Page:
THE BOYCOTT WAR FAQ
What is the goal of the boycott?
Many boycott campaigns have a very specific and immediate
goal (i.e. to get a certain company or country to abandon a certain policy).
The goal of the Boycott War Campaign is multi-fold. They are 1) To help
spread awareness about how involved certain companies are with the war industry
and war-mongering politicians; 2) To help mobilize people and organizations
into a positive economic force for long-term social change; and 3) To make
it less profitable and less popular for companies to get involved with the
Have such boycotts had any effect?
Yes. A survey from the Seattle based Global Market Insite
(GMI) Inc. questioning 8,000 consumers in eight countries between December
10 12, 2004. The survey finds that the Bush administration`s foreign
policies may be costing U.S. corporations business overseas as twenty percent
of respondents in Europe and Canada said they consciously avoided buying
U.S. products as a protest against the White House policies. That finding
was consistent with similar polls conducted out by GMI three weeks after
Bush`s November election victory and another survey by UK-based NOP World
in July 2004. [Source: Boycott Bush network newsupdate 3 Feb. 2005 www.motherearth.org]
Who is engaged in the boycott movement?
It is believed that millions of people across the world
are boycotting US brands since the invasion and occupation of Iraq. Ms.
Waratah Rosemarie Gillespie, the Pacific coordinator for the Boycott Bush
campaign, states that social movements from over 50 countries have now joined
the boycott campaign network. From Vermont to Finland to Japan there are
vibrant boycott campaings being waged. From members of the European Parliament
to US church groups to Arundathi Roy, people of all walks of life have endorsed
the boycotting of the US and companies profitting from war.
What's the difference between Boycott Bush and Boycott
The difference is minimal. Both are designed to oppose
militarism and the companies, countries, and politicians that finance and
support militarism. That commonality is also the ultimate focus for both
campaigns. Probably the only real distinction between them is that Boycott
Bush campaigns necessarily become out-dated when Bush is no longer in office
while Boycott War campaigns can continue as long as militarism continues.
Whether or not the Boycott Bush campaigns change name and continue after
Bush leaves office or not remains to be seen.
Don't boycotts hurt the wrong people (i.e. the workers)?
Quite the contrary. If a boycott movement shifts consumer
habits toward Fair Trade and other alternatives then workers (albeit different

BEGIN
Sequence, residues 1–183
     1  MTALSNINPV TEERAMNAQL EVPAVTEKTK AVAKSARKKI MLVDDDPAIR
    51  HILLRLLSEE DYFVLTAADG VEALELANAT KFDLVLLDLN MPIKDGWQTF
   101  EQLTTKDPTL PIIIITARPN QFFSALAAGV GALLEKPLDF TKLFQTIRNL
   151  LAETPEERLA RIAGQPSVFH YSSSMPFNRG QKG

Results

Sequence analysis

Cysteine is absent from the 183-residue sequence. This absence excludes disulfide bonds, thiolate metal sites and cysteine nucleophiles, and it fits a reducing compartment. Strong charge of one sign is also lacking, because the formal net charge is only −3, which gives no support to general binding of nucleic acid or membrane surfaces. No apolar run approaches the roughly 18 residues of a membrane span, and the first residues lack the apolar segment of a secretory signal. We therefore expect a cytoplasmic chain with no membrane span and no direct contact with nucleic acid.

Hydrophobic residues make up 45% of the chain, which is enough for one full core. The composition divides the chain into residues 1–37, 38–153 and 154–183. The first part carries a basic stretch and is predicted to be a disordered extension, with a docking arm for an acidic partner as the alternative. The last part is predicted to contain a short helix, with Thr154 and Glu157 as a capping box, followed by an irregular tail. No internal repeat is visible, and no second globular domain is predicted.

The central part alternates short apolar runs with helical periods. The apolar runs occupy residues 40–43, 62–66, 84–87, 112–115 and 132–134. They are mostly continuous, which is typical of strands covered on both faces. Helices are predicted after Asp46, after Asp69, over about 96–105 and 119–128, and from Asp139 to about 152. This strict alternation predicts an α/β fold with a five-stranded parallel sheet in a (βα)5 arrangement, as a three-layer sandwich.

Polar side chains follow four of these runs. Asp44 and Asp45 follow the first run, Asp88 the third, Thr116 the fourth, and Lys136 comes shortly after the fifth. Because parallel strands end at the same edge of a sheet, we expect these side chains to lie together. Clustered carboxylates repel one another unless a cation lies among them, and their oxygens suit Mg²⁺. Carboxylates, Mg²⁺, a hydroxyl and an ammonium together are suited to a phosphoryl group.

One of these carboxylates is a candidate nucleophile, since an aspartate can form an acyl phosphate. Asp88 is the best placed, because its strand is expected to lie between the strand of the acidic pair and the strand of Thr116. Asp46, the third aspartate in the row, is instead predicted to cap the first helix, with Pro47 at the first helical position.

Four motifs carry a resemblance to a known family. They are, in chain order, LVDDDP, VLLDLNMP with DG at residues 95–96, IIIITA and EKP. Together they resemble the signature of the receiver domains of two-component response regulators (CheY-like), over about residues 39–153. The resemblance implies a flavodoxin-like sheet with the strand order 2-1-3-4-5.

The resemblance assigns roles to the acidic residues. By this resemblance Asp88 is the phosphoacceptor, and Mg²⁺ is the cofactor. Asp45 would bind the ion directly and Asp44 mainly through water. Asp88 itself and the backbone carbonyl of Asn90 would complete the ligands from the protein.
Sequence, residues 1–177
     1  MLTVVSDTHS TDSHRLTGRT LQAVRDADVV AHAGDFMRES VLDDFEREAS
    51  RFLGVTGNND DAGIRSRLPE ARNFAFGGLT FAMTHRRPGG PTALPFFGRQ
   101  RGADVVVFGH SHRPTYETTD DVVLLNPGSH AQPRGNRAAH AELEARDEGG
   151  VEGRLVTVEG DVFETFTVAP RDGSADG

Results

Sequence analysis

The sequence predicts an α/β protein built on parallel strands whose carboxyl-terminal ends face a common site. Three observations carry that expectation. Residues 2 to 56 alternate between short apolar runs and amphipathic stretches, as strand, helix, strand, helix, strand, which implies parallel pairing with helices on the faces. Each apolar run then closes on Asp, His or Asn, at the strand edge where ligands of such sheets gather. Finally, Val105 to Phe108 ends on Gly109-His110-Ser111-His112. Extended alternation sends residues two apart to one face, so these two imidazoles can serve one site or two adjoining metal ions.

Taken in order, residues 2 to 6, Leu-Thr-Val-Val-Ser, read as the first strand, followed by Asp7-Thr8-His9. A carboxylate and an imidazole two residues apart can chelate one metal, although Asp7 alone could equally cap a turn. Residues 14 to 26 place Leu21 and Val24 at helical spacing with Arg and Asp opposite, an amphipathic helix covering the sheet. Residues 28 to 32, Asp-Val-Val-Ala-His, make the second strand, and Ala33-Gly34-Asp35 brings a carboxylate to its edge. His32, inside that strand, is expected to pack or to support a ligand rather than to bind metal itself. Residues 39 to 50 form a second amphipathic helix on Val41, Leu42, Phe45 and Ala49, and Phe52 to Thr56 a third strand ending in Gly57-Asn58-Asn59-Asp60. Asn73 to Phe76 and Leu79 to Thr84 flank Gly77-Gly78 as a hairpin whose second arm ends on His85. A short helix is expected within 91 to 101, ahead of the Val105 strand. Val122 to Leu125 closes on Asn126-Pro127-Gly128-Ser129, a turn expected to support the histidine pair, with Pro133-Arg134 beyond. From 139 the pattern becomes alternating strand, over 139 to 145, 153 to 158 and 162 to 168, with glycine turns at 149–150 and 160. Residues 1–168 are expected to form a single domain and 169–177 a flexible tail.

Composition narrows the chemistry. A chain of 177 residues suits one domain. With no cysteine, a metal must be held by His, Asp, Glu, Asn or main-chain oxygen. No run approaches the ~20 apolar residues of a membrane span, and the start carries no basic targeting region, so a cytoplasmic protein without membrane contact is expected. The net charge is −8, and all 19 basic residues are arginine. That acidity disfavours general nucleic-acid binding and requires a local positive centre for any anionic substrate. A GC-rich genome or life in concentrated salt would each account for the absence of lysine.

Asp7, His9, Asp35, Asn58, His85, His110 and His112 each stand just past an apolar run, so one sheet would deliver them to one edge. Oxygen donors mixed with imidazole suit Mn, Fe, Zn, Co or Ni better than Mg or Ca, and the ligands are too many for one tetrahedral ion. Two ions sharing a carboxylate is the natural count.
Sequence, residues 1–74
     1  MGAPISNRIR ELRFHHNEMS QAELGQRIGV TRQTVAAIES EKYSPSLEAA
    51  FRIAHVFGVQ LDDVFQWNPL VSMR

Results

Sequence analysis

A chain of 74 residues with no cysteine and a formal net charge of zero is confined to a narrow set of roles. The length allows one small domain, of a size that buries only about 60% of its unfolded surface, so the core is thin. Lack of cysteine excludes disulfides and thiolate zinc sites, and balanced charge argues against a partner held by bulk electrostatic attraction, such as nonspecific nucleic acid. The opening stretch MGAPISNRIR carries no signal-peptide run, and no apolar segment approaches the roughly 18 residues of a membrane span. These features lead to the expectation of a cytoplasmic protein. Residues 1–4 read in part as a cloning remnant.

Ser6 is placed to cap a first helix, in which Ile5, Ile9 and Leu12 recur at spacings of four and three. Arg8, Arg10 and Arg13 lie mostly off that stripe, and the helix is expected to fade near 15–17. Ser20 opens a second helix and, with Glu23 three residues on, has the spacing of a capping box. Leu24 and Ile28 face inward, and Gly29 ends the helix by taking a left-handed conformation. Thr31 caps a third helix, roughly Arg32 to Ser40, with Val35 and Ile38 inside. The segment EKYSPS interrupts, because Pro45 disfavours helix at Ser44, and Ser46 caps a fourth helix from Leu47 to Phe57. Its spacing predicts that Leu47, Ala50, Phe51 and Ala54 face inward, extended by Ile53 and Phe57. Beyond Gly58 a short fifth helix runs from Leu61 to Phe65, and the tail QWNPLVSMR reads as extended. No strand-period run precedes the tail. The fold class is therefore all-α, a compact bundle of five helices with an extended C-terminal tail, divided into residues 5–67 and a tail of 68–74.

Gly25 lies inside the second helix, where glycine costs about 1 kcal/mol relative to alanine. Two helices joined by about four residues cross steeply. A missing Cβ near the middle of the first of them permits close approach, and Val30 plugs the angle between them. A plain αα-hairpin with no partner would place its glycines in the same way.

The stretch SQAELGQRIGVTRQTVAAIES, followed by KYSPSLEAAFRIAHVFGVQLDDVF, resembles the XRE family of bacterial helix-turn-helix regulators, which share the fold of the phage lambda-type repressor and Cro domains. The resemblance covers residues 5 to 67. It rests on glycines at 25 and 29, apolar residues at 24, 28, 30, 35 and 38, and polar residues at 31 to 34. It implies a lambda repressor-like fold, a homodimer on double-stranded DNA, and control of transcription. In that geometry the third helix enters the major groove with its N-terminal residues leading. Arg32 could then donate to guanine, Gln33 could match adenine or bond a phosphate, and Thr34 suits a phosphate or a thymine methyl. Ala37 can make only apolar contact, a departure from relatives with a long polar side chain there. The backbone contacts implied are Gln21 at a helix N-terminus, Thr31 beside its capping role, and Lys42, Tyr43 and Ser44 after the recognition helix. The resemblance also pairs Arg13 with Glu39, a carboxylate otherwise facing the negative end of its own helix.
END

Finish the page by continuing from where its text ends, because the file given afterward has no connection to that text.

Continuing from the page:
workers than those in the targeted country or company) are actually benefitting.
Furthermore, workers in the targeted companies can take action as well and
protest the fact that their labor is being used to hurt other workers in
other countries through militarism. Even if a boycott were to hurt some
workers over others, its damage could hardly be compared to the anti-working
class devastation that is wrought by war.
Why do anti-war boycotts often target the USA and Israel?
Precisely because they are two of the most militarized
countries in the world and both of them are using that military leverage
to exert their political will on militarily weaker groups with bloody and
disastrous consequences. This entails both the brutal disregard for civilian
lives as well as global security and stability in general.
And as if that wasn't enough: The combined military might
of China, North Korea, Cuba, Iran, Syria, Sudan, Libya, and Vietnam is far
less than that of the United States and it is the United States -not any
of those countries- who has engaged in recent military operations across
the world (Sudan, Afghanistan, Somalia, Serbia, Albania, Panama, Libya,
Yemen, Grenada, and Iraq) not to even mention the millions of civilians
killed by the US military operations in Cambodia, Laos, and Vietnam less
than 40 years ago. Israel holds the outstanding position of having broken
more UN Security Council resolutions than any other country (even to the
point of obtaining nuclear weapons and jailing the man who leaked the information
about it). The UN General Assebmbly routinely condemns Israel's human rights
abuses and treatment of Palestinians. The US, on the other hand, ranks number
one in UN Security Council vetoes - applying far more vetoes since 1970
than the rest of the "big five" combined (China, France, Russia,
and the UK).
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